Royal Greenhouses: Read more, links & map…

Brussels Place du Grand Sablon

Place du Grand Sablon – Another of the beautiful squares of Brussels. It’s surrounded by antique shops and upmarket stores and it’s worth exploring the small streets that lead from the square as they’re filled with unusual shops and boutiques. The square is a short walk from Brussels Central Metro stop.The European Union Buildings – Everyone knows Brussels as the home of the EU these days, but most of the buildings are just faceless offices so there’s nothing really to recommend that you see. A good introduction to the buildings though is the open top bus tour which tells you what some of the buildings are as you whizz past.

Food and Beer – Brussels is famous for both and in our eyes, eating out and drinking local beers is as much a part of visiting the city as seeing the sights. When had some lovely meals in Brussels, but they were expensive! As a general rule of thumb, the food gets cheaper, the further you move away from the Grand Place.



Beware of taxi drivers trying to rip you off! Sadly, our first experience in Brussels was a negative one after a taxi driver overcharged us on arrival. The bill seemed expensive for a short trip from the station to the hotel, but when you’re new in a city you can’t be sure it’s not right. It was only when we walked around the city the next day that we realised he’d taken us on a very long detour and had somehow added extra fees to the meter. It was too late to do anything about it then as we didn’t have his licence number, so all we can do is warn others travellers.  The vast majority of taxi drivers in Brussels are honest and reliable, but it only takes one to cloud your opinion. Our basic message is to ask before you get in roughly how much it will be.  We are experienced travellers, but we were still taken in.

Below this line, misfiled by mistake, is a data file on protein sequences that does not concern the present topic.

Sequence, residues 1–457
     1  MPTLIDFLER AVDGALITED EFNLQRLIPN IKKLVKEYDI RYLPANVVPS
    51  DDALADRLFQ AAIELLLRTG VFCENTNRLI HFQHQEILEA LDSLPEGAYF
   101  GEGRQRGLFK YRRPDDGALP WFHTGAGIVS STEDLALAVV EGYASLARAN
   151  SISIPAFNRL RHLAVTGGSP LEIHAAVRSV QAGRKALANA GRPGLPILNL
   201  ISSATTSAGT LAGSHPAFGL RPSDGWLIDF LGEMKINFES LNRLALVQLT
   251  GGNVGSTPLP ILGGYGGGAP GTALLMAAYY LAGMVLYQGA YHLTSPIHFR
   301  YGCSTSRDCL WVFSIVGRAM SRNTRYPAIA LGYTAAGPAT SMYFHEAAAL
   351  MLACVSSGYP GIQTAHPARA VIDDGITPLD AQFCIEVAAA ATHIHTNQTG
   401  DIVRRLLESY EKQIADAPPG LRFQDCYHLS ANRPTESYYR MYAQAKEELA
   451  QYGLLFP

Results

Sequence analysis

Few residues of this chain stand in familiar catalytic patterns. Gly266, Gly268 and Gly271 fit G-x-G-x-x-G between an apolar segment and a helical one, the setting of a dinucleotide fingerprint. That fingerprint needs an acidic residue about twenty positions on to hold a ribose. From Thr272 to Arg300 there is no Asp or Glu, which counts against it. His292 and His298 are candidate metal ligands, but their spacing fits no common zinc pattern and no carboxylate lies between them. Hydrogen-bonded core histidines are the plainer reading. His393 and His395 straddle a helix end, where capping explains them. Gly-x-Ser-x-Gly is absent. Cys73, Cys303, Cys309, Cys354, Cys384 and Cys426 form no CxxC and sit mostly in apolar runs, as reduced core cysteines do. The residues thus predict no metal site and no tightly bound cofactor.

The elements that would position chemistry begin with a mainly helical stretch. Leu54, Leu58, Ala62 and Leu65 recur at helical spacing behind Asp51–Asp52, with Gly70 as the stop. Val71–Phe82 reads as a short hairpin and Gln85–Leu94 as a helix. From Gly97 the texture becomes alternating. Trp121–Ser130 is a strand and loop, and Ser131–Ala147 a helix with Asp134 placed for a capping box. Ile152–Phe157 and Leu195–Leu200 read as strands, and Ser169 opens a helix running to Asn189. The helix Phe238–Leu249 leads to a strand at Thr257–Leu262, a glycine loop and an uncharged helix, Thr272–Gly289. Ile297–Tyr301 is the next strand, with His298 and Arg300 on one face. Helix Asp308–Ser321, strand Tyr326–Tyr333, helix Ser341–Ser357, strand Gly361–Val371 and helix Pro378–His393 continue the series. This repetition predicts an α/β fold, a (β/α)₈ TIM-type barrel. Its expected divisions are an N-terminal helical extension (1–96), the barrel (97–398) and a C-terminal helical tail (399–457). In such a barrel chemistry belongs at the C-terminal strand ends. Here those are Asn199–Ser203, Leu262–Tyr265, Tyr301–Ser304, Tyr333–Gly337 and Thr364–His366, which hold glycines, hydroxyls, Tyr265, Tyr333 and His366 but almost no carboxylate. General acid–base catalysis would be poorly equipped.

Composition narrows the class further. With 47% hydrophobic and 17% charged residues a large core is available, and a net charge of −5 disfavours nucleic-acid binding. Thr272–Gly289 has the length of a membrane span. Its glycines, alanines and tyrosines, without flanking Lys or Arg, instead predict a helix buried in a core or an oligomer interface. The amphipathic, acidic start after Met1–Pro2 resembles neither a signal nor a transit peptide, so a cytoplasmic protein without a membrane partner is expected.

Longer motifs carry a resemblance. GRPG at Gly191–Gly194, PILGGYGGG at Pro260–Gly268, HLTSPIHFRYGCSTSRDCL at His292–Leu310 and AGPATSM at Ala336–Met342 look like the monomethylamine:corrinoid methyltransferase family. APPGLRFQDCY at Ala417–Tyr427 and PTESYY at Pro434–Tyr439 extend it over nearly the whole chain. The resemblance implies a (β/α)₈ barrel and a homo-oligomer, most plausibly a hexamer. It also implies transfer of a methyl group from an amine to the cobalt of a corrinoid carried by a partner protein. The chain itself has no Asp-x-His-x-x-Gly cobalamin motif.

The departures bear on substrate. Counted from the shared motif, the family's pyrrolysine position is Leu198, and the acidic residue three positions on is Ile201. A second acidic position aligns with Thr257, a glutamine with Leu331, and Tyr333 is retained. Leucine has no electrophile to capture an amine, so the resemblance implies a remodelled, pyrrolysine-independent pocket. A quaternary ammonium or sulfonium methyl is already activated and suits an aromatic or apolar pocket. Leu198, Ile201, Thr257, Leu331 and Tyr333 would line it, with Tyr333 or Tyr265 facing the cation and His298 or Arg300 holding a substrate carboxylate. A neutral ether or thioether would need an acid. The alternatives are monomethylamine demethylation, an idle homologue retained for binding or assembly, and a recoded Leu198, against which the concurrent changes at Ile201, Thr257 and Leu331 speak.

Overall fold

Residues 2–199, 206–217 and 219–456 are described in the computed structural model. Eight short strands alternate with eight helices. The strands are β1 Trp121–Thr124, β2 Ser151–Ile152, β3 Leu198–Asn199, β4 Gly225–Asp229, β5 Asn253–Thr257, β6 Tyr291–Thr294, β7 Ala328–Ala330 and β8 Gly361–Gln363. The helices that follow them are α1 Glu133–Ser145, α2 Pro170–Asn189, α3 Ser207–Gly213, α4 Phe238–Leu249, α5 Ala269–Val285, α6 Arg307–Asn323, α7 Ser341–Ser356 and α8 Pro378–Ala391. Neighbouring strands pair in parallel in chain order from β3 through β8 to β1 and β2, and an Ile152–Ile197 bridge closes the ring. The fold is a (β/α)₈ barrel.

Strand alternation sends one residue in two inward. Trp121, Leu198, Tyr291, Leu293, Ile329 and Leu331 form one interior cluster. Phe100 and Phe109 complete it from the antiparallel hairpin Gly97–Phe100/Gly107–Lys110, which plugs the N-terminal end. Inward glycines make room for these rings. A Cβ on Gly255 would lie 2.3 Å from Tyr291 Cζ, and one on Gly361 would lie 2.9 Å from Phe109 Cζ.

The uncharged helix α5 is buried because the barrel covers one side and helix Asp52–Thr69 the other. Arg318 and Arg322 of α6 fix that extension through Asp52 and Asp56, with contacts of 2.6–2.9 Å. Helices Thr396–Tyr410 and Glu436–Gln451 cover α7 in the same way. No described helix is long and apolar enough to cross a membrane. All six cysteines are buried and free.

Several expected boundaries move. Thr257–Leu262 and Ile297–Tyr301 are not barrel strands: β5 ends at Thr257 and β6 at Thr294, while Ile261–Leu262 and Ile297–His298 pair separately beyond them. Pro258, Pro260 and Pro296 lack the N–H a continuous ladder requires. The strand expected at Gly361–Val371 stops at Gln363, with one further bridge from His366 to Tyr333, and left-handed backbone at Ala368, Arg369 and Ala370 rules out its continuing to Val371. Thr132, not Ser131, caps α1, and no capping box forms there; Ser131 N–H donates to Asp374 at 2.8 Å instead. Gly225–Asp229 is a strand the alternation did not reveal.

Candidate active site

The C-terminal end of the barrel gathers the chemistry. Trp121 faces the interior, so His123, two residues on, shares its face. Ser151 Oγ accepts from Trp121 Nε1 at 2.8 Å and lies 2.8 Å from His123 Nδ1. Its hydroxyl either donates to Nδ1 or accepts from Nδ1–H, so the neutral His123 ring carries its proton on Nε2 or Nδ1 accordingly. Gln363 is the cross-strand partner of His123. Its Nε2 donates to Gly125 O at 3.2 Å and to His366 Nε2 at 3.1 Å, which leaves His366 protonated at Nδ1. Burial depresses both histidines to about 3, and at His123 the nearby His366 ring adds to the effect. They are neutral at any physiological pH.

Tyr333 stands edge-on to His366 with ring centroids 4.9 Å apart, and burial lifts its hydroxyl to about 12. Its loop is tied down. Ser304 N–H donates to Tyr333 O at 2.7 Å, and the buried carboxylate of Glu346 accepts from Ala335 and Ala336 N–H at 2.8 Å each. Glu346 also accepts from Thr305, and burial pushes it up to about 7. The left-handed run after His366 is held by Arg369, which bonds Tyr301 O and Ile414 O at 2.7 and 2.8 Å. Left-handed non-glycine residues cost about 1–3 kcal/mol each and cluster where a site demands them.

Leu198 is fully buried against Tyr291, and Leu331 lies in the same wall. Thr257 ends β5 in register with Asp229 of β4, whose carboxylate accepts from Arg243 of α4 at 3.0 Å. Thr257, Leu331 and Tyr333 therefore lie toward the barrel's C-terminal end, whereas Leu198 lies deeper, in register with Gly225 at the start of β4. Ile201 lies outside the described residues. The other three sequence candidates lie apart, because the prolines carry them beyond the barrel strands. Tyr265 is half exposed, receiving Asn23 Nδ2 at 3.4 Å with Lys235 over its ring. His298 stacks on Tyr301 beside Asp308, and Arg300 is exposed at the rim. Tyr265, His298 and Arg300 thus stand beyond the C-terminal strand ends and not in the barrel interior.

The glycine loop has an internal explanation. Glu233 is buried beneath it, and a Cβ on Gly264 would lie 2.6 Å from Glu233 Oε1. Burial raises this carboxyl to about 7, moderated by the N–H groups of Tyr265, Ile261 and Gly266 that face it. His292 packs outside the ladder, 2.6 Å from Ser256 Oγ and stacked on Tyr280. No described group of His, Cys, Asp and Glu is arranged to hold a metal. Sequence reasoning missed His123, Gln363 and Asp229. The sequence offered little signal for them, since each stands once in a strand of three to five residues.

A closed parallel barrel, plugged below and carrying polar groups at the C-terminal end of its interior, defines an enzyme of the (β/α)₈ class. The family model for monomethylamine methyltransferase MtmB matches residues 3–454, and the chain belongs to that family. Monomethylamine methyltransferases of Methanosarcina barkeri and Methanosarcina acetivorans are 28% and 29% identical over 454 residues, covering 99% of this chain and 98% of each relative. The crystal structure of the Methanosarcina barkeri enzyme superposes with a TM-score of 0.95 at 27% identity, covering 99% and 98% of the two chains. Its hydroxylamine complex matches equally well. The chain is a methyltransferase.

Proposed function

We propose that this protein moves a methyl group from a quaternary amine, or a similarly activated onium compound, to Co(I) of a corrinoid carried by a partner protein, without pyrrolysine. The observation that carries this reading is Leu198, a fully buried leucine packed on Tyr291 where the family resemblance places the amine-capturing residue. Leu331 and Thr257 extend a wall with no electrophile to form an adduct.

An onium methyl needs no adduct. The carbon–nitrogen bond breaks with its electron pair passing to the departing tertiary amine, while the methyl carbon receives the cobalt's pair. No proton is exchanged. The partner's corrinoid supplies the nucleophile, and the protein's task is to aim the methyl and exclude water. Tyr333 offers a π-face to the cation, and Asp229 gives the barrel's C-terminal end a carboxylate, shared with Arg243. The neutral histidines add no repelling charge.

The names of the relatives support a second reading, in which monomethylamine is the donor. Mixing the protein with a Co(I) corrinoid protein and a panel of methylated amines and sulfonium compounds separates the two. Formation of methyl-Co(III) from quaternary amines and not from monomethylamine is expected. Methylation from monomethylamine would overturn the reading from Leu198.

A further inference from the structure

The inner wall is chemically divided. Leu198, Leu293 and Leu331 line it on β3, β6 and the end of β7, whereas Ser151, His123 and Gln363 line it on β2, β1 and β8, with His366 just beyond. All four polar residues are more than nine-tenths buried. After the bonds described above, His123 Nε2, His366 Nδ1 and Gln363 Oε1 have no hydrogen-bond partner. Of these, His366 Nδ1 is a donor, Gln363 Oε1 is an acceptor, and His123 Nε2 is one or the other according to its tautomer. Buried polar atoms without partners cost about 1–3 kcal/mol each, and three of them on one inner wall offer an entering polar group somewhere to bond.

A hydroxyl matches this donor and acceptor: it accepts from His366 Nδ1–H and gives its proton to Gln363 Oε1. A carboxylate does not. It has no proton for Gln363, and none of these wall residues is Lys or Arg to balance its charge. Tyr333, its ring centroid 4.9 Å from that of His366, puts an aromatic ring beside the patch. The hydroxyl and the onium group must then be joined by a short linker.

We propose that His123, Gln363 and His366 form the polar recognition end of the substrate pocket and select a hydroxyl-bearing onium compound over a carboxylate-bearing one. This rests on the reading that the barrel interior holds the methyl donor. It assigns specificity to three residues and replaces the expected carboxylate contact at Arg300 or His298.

NH Brussels City Centre Hotel
NH Brussels City Centre Hotel

There are lots of hotels in Brussels to cater for the European Union HQ, but unless there are big events on, they are rarely full and they need to fill their rooms with tourists like you!  We found that even the really luxurious hotels in Brussels were really quite reasonably priced and there are often good deals for staying longer like money off, or free nights. We stayed at the NH Brussels City Centre which was under 100 Euros and provided perfectly pleasant accomodation. However, next time we go, we’ve heard very good things about the Sofitel Brussels Le Louise Hotel, so we plan to stay there.


The Metro system is fast and efficient, but if you’re only in Brussels for a couple of days you could also consider the open top bus tour. Tickets last two days and the bus takes you to all the major sights including the Atomium. After you’ve done the whole tour, you can just use you bus pass to get around!

Getting from the airport depends on which airport you have flown into. We wouldn’t recommend Charleroi (Ryanair call this Brussels) as it’s a long way away and the coach transfer is expensive. We used the trains from the airport station last time we flew to Brussels and found it simple and efficient. If you’d prefer a shared or private transfer, we’ve found reasonable prices here
Brussels Airport Transfer Options (US Dollars)
Brussels Airport Transfer Options (UK Pounds)


Hotels in Brussels – Best prices from – Belgian Tourist Office for USA & Canada
Lonely Planet guide to Brussels 
Brussels Guide Books –